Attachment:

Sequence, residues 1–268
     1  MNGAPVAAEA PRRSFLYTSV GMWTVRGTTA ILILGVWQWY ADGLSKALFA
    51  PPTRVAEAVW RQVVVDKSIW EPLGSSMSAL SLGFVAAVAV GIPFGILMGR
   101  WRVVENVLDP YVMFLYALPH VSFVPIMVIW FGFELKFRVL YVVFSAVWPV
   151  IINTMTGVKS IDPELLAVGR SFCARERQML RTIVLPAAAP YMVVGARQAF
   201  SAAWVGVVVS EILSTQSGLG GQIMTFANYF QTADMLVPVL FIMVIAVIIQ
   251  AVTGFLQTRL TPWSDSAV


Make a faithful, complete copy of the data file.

Sequence, residues 1–268
     1  MNGAPVAAEA PRRSFLYTSV GMWTVRGTTA ILILGVWQWY ADGLSKALFA
    51  PPTRVAEAVW RQVVVDKSIW EPLGSSMSAL SLGFVAAVAV GIPFGILMGR
   101  WRVVENVLDP YVMFLYALPH VSFVPIMVIW FGFELKFRVL YVVFSAVWPV
   151  IINTMTGVKS IDPELLAVGR SFCARERQML RTIVLPAAAP YMVVGARQAF
   201  SAAWVGVVVS EILSTQSGLG GQIMTFANYF QTADMLVPVL FIMVIAVIIQ
   251  AVTGFLQTRL TPWSDSAV